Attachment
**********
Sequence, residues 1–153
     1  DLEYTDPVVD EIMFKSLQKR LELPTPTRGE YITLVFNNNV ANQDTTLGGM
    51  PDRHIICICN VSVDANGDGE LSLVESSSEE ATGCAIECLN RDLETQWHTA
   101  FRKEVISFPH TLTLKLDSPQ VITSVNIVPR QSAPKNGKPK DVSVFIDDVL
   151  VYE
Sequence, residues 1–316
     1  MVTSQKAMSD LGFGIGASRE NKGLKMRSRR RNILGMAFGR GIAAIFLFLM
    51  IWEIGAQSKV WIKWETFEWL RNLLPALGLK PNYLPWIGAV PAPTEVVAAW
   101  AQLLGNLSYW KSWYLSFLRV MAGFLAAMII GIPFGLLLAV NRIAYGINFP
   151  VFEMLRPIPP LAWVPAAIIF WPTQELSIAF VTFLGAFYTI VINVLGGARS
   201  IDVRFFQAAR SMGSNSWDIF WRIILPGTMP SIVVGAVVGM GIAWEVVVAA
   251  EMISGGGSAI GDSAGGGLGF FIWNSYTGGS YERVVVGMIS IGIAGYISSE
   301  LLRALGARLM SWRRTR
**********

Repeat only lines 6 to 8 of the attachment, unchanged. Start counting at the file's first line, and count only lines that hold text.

Sequence, residues 1–316
     1  MVTSQKAMSD LGFGIGASRE NKGLKMRSRR RNILGMAFGR GIAAIFLFLM
    51  IWEIGAQSKV WIKWETFEWL RNLLPALGLK PNYLPWIGAV PAPTEVVAAW